One day after the Rio Grande Valley was inundated with rain, NOAA releases its 2021 Atlantic hurricane season outlook, and although the two are not related, residents saw how rain from a non-tropical storm could lead to extreme street flooding.
Ben Friedman, acting administrator for the National Oceanic and Atmospheric Administration, on Thursday said this year’s season would be an active one, though it will not be as busy as last year.
Friedman said there will be 13 to 20 named storms, 6 to 10 hurricanes and 3 to 5 major hurricanes. Forecasters predict a 60% chance of an above-normal season, a 30% chance of a near-normal season, and a 10% chance of a below-normal season.
NOAA’s announcement came the same day as forecasters were monitoring a system that is already brewing in the Atlantic. As of 2 p.m. Thursday, the National Hurricane Center reported a non-tropical low pressure system was located about 650 miles east-northeast of Bermuda. It’s expected to become a subtropical cyclone sometime Friday and could become the first named storm of the Atlantic hurricane season in the next few days. The storm’s name would be Ana.
According to NOAA, a typical hurricane can bring anywhere from 6 to 12 inches of rainfall. On Wednesday, many areas of the Valley received at least 4 inches of rain if no more in just a few hours. The storm also brought damaging winds.
Matthew Rosencrans, hurricane season outlook lead, NOAA Climate Prediction Center, said forecasts of landfalls in the South Texas area are usually made about a week out before the storms strike.
“We do know that during high activity eras we are more likely to have land falling hurricanes. There’s about a 30 percent increase chance of that anywhere along the coast. But specifically, for the South Texas coast landfall forecast are definitely made a week out,” he said.
Rosencrans, said people living along the South Texas coast should start preparing now and get their supplies as “if a storm could come to them at any point in this hurricane season.”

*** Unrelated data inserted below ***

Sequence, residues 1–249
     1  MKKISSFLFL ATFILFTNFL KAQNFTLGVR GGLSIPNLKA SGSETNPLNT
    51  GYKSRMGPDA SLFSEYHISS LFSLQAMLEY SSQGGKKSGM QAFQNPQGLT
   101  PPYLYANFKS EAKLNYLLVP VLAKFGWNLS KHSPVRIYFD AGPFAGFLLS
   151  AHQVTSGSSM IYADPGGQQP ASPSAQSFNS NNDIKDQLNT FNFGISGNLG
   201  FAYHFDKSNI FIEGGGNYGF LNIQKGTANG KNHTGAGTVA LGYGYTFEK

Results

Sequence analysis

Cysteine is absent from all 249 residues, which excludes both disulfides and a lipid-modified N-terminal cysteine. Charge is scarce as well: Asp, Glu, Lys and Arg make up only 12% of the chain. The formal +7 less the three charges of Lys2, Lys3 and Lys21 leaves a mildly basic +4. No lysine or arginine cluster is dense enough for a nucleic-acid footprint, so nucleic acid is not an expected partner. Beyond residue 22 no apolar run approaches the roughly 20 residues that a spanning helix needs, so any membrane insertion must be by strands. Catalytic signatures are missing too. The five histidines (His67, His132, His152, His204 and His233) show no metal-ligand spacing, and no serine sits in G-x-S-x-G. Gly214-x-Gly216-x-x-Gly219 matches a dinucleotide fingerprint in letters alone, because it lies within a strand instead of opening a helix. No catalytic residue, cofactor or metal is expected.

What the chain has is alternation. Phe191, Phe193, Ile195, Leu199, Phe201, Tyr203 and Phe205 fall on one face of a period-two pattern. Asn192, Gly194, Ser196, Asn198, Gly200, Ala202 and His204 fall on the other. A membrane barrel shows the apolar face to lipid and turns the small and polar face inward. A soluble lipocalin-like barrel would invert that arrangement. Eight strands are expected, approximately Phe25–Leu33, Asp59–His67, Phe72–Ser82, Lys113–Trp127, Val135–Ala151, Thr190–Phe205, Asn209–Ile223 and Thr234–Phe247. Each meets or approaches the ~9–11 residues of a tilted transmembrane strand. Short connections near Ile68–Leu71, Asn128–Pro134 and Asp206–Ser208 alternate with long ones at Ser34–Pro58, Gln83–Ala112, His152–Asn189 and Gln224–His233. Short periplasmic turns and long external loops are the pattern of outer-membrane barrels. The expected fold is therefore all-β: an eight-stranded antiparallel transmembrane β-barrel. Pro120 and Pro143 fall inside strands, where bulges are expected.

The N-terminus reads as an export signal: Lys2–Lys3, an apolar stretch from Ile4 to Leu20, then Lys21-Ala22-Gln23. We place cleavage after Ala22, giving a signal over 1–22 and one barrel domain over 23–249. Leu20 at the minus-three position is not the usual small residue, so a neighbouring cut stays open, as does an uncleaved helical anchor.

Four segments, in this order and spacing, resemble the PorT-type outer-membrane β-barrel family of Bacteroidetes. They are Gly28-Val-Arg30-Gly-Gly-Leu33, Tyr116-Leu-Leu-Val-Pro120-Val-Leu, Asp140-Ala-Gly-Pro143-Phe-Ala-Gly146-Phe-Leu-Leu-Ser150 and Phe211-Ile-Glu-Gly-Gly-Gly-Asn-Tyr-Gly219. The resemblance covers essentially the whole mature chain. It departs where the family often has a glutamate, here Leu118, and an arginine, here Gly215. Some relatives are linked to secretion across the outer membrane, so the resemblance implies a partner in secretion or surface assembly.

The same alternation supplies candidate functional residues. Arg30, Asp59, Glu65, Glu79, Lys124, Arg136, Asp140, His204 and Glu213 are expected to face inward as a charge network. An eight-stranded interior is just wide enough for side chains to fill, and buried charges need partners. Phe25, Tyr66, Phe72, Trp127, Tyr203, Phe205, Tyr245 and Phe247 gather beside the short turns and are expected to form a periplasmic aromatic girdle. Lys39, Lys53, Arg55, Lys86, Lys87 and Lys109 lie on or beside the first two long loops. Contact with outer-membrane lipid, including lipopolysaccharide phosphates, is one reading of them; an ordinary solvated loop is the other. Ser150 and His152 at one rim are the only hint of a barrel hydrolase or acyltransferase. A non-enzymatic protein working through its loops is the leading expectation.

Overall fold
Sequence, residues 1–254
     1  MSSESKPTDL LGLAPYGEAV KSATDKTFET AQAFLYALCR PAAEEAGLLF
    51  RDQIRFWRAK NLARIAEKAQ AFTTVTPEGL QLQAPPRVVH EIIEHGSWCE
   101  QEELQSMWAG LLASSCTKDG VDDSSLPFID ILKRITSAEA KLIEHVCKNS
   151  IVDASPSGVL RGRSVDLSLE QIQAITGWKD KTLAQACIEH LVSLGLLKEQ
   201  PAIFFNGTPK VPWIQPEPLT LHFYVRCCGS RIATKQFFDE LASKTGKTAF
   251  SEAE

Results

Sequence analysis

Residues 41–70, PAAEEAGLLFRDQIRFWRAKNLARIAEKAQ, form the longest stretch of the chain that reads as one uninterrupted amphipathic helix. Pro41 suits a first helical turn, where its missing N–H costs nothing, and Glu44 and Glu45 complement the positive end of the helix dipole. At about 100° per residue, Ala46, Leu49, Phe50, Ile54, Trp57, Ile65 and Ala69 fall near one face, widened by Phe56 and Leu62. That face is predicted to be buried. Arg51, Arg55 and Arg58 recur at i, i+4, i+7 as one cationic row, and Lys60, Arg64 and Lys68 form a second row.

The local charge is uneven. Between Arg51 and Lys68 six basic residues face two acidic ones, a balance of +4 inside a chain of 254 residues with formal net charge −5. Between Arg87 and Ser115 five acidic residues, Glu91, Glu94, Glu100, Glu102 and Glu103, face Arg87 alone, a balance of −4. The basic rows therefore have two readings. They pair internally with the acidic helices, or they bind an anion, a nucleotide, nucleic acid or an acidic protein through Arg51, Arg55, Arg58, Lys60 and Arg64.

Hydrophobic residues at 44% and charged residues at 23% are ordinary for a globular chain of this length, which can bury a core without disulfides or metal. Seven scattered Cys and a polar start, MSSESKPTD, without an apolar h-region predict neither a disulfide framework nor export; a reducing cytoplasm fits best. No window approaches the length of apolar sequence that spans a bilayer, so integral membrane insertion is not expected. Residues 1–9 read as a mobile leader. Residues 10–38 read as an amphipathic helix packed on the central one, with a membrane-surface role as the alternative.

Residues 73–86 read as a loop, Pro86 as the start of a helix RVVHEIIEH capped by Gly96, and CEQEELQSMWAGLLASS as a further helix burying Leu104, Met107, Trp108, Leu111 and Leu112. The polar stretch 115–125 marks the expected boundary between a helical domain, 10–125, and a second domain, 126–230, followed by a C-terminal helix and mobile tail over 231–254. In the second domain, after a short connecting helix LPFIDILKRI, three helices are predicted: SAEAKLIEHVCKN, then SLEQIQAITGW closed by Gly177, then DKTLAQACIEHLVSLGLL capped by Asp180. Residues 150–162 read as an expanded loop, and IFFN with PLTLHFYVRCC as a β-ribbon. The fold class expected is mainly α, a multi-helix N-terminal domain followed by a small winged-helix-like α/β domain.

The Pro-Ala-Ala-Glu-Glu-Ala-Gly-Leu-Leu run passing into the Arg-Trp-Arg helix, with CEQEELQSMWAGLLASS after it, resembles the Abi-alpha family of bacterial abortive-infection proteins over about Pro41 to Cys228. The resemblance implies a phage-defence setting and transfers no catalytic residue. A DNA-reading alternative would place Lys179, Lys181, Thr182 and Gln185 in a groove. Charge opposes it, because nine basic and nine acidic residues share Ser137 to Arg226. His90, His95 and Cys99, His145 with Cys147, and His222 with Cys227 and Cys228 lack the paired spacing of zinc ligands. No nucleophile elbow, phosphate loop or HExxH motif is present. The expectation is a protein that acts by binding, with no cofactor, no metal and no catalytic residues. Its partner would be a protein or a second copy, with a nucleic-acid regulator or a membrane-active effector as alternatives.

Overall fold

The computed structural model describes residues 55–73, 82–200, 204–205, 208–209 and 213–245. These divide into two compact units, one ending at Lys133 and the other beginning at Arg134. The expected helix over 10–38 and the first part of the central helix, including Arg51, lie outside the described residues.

Although climate change has nothing to do with the frequency of the named storms it does have to do with how strong the storms can become.
“Once they do form they have the possibility to get to those Category 4 and 5 storms and get that intensity level up. Climate change is also linked to heavier precipitation within storms at about 3%,” he said.
FEMA administrator Deanne Criswell said the public should start preparing for the upcoming 2021 hurricane season since its start is more than a week away.
“Visit Ready.gov and Listo.gov to learn and take steps to prepare yourself and others in your household. Download the FEMA app to sign up for a variety of alerts and to access preparedness information,” Criswell stated in a press release. “Purchase flood insurance to protect your greatest asset, your home. And please, encourage your neighbors, friends and coworkers to also get ready for the upcoming season.”
During the 2020 Atlantic hurricane season, the U.S. had a record of 12 named storms making landfall, including Hurricane Hanna that made landfall in South Texas on July 25. Hurricane Hanna brought flooding to the Rio Grande Valley and spawned two tornadoes that hit the Brownsville area.
The 2020 Atlantic hurricane season had 30 named storms, 14 hurricanes and seven major hurricanes.
The Atlantic hurricane season runs from June 1 through Nov. 30.